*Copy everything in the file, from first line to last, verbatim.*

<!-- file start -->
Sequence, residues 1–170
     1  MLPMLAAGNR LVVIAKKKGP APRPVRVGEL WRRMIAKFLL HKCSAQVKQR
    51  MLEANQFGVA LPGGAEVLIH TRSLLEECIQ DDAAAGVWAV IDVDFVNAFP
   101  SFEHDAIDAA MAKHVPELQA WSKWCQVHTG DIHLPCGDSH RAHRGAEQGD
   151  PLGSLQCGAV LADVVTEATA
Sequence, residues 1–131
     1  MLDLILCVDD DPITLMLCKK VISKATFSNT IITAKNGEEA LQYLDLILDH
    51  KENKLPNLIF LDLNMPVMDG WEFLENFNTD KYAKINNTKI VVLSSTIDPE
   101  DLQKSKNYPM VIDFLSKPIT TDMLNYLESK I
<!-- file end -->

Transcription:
Sequence, residues 1–170
     1  MLPMLAAGNR LVVIAKKKGP APRPVRVGEL WRRMIAKFLL HKCSAQVKQR
    51  MLEANQFGVA LPGGAEVLIH TRSLLEECIQ DDAAAGVWAV IDVDFVNAFP
   101  SFEHDAIDAA MAKHVPELQA WSKWCQVHTG DIHLPCGDSH RAHRGAEQGD
   151  PLGSLQCGAV LADVVTEATA
Sequence, residues 1–131
     1  MLDLILCVDD DPITLMLCKK VISKATFSNT IITAKNGEEA LQYLDLILDH
    51  KENKLPNLIF LDLNMPVMDG WEFLENFNTD KYAKINNTKI VVLSSTIDPE
   101  DLQKSKNYPM VIDFLSKPIT TDMLNYLESK I